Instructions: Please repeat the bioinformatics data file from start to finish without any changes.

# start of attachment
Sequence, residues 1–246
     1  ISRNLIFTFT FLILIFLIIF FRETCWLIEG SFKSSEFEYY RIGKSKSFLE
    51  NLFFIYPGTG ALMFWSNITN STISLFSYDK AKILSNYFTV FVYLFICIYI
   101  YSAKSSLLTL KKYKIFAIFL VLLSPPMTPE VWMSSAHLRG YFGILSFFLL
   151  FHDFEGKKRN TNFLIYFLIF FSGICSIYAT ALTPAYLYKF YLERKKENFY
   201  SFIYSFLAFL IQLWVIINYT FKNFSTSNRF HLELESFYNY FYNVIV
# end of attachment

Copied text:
Sequence, residues 1–246
     1  ISRNLIFTFT FLILIFLIIF FRETCWLIEG SFKSSEFEYY RIGKSKSFLE
    51  NLFFIYPGTG ALMFWSNITN STISLFSYDK AKILSNYFTV FVYLFICIYI
   101  YSAKSSLLTL KKYKIFAIFL VLLSPPMTPE VWMSSAHLRG YFGILSFFLL
   151  FHDFEGKKRN TNFLIYFLIF FSGICSIYAT ALTPAYLYKF YLERKKENFY
   201  SFIYSFLAFL IQLWVIINYT FKNFSTSNRF HLELESFYNY FYNVIV